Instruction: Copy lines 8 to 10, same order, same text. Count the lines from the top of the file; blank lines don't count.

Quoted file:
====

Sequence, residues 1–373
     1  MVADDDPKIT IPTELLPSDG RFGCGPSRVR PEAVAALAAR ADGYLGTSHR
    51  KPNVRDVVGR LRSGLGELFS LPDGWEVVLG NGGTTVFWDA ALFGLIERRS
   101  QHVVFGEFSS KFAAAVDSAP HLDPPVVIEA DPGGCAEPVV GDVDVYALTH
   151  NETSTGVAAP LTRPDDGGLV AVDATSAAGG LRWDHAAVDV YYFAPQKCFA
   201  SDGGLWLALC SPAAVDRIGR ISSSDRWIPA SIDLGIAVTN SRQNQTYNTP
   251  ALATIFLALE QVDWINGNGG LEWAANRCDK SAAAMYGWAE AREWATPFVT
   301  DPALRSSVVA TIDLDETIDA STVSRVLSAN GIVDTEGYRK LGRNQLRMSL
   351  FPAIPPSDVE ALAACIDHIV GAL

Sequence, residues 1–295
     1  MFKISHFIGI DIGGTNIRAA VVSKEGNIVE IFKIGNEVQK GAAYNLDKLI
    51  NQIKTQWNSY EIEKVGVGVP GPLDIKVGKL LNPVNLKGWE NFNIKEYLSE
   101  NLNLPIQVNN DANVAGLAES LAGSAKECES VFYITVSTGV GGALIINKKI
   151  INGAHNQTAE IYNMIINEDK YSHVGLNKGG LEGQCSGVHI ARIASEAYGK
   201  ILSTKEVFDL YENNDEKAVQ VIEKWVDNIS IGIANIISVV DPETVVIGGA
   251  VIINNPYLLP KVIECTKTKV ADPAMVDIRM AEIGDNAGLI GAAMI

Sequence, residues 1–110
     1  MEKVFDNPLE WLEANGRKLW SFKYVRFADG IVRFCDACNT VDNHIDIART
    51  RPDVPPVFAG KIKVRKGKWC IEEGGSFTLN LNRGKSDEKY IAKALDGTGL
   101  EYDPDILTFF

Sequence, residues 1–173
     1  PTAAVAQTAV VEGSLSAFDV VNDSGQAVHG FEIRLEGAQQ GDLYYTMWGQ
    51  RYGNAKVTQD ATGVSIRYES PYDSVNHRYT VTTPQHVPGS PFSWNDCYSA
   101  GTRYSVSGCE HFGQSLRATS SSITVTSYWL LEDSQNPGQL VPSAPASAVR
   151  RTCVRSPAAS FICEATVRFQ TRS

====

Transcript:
   301  DPALRSSVVA TIDLDETIDA STVSRVLSAN GIVDTEGYRK LGRNQLRMSL
   351  FPAIPPSDVE ALAACIDHIV GAL

Sequence, residues 1–295